Terrestrial arthropods, including insects, commonly harbor maternally inherited intracellular symbionts that confer benefits to the host or manipulate host reproduction to favor infected female progeny. These symbionts may be especially vulnerable to thermal stress, potentially leading to destabilization of the symbiosis and imposing costs to the host. For example, increased temperatures can reduce the density of a common reproductive manipulator, Wolbachia, and the strength of its crossing incompatibility (cytoplasmic incompatibility, or CI) phenotype. Another manipulative symbiont, Cardinium hertigii, infects ~ 6–10% of Arthropods, and also can induce CI, but there is little homology between the molecular mechanisms of CI induced by Cardinium and Wolbachia. Here we investigated whether temperature disrupts the CI phenotype of Cardinium in a parasitic wasp host, Encarsia suzannae. We examined the effects of both warm (32°C day/ 29°C night) and cool (20°C day/ 17°C night) temperatures on Cardinium CI and found that both types of temperature stress modified aspects of this symbiosis. Warm temperatures reduced symbiont density, pupal developmental time, vertical transmission rate, and the strength of both CI modification and rescue. Cool temperatures also reduced symbiont density, however this resulted in stronger CI, likely due to cool temperatures prolonging the host pupal stage. The opposing effects of cool and warm-mediated reductions in symbiont density on the resulting CI phenotype indicates that CI strength may be independent of density in this system. Temperature stress also modified the CI phenotype only if it occurred during the pupal stage, highlighting the likely importance of this stage for CI induction in this symbiosis.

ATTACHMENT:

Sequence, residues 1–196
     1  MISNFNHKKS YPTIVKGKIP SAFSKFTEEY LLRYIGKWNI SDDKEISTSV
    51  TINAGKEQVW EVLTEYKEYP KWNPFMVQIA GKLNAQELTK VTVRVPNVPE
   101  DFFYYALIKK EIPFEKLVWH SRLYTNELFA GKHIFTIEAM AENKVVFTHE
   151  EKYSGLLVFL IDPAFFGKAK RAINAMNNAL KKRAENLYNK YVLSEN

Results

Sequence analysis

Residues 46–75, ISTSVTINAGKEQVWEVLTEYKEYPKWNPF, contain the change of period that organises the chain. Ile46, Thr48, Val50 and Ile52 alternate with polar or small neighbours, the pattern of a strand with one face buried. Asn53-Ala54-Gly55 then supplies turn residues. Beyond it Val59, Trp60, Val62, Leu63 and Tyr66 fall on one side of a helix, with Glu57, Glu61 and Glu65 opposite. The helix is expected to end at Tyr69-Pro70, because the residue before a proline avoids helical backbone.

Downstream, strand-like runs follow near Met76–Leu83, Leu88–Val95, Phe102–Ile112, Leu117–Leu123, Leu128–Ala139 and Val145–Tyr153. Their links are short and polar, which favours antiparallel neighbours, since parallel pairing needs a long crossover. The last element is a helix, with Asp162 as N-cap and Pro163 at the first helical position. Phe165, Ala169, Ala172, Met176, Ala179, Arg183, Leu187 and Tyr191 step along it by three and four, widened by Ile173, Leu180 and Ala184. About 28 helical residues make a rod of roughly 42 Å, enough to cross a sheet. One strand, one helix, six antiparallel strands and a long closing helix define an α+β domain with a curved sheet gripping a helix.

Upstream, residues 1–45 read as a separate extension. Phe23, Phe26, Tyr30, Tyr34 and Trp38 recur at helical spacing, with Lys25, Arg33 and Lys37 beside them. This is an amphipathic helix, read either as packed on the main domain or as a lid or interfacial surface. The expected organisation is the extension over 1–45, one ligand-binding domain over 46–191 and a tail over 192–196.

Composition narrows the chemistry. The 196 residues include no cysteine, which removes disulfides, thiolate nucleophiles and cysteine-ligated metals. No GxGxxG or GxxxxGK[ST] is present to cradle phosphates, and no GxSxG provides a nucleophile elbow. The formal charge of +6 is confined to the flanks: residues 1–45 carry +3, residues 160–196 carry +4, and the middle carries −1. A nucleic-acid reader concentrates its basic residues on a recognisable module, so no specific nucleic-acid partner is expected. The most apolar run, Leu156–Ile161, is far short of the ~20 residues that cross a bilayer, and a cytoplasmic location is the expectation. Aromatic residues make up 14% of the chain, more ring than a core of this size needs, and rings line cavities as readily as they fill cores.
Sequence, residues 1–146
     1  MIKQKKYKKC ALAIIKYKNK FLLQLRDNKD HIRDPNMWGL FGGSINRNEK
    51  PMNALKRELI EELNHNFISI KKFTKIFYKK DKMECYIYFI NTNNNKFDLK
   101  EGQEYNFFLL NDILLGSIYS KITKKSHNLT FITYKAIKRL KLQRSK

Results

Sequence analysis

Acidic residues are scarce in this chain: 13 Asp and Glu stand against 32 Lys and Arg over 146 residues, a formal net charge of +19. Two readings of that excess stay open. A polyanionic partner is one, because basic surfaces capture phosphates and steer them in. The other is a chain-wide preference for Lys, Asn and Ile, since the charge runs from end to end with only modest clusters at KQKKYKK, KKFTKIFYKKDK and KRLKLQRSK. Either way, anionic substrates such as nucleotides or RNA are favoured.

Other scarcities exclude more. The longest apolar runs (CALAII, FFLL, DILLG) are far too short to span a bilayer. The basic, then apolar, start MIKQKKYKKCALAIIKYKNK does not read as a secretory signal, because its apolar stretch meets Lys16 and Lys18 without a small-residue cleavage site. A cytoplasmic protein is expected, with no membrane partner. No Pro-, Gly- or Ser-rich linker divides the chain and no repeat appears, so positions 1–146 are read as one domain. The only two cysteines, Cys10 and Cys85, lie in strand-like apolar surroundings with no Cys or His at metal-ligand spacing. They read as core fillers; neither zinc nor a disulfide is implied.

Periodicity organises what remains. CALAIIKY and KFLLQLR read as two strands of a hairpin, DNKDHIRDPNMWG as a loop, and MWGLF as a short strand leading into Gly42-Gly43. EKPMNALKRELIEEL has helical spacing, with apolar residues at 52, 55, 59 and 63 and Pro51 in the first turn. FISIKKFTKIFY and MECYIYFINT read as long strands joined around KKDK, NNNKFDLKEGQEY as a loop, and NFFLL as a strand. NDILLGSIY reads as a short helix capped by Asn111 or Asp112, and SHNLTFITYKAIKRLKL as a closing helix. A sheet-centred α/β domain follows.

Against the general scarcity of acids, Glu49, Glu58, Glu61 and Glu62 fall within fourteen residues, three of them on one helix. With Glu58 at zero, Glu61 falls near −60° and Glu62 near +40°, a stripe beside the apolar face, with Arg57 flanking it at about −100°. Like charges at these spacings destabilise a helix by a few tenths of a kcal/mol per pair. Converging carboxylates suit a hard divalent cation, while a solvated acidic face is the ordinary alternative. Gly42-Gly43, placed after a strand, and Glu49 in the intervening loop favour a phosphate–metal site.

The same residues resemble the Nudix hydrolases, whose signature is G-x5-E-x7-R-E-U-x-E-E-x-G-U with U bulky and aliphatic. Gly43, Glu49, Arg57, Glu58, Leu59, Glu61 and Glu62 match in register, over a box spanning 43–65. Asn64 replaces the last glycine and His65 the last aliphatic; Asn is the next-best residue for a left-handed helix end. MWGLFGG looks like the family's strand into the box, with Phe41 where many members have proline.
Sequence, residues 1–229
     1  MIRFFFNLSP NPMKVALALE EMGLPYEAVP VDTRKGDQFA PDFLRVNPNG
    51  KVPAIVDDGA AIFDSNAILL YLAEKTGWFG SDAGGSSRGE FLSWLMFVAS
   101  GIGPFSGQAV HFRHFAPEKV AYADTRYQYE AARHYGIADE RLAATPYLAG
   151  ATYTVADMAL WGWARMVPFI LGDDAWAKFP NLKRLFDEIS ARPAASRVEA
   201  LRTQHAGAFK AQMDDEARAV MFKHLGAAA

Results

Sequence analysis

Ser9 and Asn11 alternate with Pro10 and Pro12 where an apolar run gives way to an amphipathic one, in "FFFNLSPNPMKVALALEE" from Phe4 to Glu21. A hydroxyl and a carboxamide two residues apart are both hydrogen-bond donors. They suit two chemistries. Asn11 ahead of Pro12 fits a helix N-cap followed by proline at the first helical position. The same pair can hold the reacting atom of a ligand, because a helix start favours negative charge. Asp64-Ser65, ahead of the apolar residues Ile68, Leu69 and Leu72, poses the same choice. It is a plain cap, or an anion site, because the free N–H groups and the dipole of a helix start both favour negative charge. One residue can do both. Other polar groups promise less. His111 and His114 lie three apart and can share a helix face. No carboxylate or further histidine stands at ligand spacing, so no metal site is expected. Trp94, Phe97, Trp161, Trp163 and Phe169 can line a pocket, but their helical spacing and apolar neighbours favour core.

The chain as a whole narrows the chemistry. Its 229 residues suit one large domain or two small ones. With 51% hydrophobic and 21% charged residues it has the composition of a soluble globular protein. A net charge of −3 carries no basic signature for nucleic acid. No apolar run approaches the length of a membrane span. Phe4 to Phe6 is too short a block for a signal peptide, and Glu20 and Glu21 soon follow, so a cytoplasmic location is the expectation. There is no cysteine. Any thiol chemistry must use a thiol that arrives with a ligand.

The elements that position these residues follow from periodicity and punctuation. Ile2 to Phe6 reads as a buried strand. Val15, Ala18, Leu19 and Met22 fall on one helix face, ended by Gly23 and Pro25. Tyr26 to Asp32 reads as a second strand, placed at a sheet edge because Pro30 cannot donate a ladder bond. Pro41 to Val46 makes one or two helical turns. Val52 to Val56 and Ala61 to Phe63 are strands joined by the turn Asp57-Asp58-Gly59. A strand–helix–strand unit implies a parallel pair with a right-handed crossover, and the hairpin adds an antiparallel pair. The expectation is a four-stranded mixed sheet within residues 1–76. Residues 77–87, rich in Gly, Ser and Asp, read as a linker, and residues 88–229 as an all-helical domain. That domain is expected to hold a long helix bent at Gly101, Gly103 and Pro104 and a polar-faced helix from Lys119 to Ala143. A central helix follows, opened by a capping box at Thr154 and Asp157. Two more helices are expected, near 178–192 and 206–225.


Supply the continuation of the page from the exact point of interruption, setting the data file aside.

Author summary